March 9, 2011: Section 1304 of the federal Affordable Care Act (ACA) defines a “small employer” as an employer with anywhere from one to 100 employees (although states may cap the number of employees at 50 until 2016). The implication of this new definition is that businesses with one employee will be able to purchase health insurance coverage in the small-group market regardless of whether the state in which the business is located has opted to merge its individual and small-group markets. This shift could cause some concern among states that do not have experience with businesses of one purchasing in their small-group market and are uncertain about how the change will impact market dynamics.
In assessing the potential impact of the ACA’s small employer definition on the small-group market in a given state, there are several factors to consider:
- Under the ACA, both the small-group market and the individual market will be guaranteed issue, will have the same rules for premium variation, and will have limitations on company profits and overhead. These factors will limit the degree to which differences between the two markets could drive purchasing decisions by businesses of one.
- On the other hand, if historical price differences between the small-group market and individual market continue, businesses of one could have an incentive to shift to the small-group market.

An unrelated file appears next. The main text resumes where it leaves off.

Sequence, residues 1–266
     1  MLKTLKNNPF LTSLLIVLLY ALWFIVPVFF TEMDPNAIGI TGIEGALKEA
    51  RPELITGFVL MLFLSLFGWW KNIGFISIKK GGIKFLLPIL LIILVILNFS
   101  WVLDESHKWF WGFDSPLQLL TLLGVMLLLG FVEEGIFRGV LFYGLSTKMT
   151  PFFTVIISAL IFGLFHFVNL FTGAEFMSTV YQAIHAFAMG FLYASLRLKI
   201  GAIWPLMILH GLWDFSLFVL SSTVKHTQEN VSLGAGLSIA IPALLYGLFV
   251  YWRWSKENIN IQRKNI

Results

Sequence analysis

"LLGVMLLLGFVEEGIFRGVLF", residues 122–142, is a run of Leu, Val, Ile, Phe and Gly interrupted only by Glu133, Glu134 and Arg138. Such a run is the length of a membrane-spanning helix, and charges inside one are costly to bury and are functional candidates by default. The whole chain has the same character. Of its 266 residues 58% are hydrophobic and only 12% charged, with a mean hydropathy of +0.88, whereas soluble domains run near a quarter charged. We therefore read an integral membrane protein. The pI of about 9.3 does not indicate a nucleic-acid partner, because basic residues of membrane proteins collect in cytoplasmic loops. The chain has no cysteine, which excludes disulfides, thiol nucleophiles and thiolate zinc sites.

- In addition, the availability and amount of subsidies will vary across the small-group and individual markets (and will depend on individual circumstances), and this variation could influence the decision by businesses of one about where to buy coverage.
Concern about potential adverse selection in the small-group market has been addressed to a certain extent by the Internal Revenue Service (IRS), which issued new guidelines in May 2010 to clarify employee counting procedures in determining eligibility for tax credits. These guidelines specify that sole proprietors do not count toward the total number of employees for the purpose of healthcare tax credits (IRS Notice 2010-44). Without these tax credits, sole proprietors are less likely to see an advantage in purchasing coverage on the small-group market rather than on the individual market.